It’s always refreshing when city planners see infrastructure projects not merely as utilitarian exercises, but also as opportunities to produce works of art. Take the Millennium Line Skytrain stations, for example. Not only do they help users get from point A to point B, the project’s designers also made each station architecturally unique in order to provide a positive visual experience for Skytrain users.
But what if the effect of these projects were more than just visual?
Victoria’s infamous Johnson Street Bridge, or “blue bridge,” is widely recognized for its distinctive colour and unique shape (which is best compared to that of two oxen pulling a yoke, or, when the drawbridge is up, some sort of medieval trebuchet). But what’s perhaps more interesting about this piece of architecture is not how it looks but how it sounds.
While it was designed purely for the sake of transportation, the blue bridge nevertheless possesses an inherent musicality that is unrivaled by any other major structure the city has to offer. Listening from the pedestrian walkway, one hears the sounds of vehicles passing on a roadway transformed into a musical oeuvre that is akin to a choir of monks humming an ancient chant.
The music produced is largely thanks to the grating on the bridge’s surface, which bounces the sounds of tires passing over it in all different directions. Vehicles traveling across the bridge produce a sort of Doppler effect, and traffic noises are transformed into swelling musical notes that gently rise and fall as people move from one side of the city to the other.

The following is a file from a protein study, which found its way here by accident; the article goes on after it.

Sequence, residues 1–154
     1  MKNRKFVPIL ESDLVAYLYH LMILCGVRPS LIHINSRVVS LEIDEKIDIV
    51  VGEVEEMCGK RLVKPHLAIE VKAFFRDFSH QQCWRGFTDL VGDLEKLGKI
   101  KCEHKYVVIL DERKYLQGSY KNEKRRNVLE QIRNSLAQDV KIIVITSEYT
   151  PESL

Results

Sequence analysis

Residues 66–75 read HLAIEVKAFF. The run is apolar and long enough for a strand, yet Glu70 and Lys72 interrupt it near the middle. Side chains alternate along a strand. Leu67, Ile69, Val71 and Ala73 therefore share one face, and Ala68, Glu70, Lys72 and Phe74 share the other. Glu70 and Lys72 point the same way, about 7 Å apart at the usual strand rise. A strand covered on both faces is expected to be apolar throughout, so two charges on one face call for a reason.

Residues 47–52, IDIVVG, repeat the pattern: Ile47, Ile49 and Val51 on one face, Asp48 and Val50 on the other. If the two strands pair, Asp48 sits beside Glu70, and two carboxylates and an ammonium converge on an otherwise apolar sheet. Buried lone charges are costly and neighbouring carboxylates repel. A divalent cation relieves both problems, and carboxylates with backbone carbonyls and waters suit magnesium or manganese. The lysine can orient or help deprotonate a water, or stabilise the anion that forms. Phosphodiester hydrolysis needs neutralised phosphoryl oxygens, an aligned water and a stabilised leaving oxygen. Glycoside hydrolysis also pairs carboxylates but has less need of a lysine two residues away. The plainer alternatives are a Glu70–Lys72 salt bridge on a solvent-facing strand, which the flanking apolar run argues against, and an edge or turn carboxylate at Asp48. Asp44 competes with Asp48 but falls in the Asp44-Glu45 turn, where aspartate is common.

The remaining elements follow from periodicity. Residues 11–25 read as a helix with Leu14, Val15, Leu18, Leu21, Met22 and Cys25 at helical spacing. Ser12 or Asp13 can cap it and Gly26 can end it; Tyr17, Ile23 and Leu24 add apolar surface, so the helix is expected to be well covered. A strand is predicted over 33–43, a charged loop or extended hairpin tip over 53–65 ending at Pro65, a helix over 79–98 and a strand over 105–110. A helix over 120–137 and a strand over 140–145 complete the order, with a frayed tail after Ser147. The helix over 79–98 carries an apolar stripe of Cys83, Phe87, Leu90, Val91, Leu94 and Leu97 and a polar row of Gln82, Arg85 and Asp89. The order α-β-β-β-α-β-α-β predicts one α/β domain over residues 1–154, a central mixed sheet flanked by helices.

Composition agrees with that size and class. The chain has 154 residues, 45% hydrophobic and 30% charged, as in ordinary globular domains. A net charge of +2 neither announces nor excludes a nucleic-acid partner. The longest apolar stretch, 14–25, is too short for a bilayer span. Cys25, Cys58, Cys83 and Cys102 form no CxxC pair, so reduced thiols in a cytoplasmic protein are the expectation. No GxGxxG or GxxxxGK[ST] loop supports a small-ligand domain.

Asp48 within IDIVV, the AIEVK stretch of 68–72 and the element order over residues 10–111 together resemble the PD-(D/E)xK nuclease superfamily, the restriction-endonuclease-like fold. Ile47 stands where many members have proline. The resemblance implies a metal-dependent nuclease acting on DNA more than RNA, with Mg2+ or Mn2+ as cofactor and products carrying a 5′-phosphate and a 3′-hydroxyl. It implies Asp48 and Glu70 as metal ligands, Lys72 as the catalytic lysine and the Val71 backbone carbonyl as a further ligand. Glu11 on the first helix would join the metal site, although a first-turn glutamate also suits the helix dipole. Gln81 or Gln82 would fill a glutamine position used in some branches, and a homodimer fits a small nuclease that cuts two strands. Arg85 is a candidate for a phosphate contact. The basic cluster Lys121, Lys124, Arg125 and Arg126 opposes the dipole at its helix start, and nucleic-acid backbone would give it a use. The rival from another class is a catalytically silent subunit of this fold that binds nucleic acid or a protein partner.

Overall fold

The best way to hear this sound is of course in person, but in case you’re not planning on traveling to Vancouver Island in the near future, this recording gives you rough example of what it sounds like when the blue bridge sings:
With construction of a replacement bridge set to start this summer, the landmark that has connected downtown Victoria to Vic West since the 1920s will soon be gone. Building a new bridge has been a topic of lively civic discussion since a 2009 assessment identified several problems with the existing structure including extensive corrosion to steel structural beams, obsolete mechanical and electrical systems, and significant seismic vulnerability. Add to that the period two years ago when the passenger drawbridge was locked in its full upright position for several months, looking like a giant blue thumb for the whole city to see, and it’s no wonder many Victorians are ready to see the old bridge go.
On the other hand, however, some may feel that the city will lose one of its most important visual landmarks this summer, and with that, its greatest piece of sensory architecture.
Perhaps the old blue bridge will one day be seen as visionary piece of work for the way it engages passers-by with more than just visuals (even if it does so unintentionally). Contemporary architects are increasingly seeking to create pieces that appeal to more than just our sense of sight. Perhaps one day this type of design will be commonplace for urban infrastructure as well.
How about your neighbourhood? Is there an infrastructure or architecture project that grabs with for something other than visual appeal? Perhaps a fragrant living wall, or a piece of street art with a texture that you just can’t resist touching every time you walk by? Is this something you would like to see (or hear/feel/smell/taste) more of in your city?
Casey van Wensem is a freelance writer based in Victoria, B.C.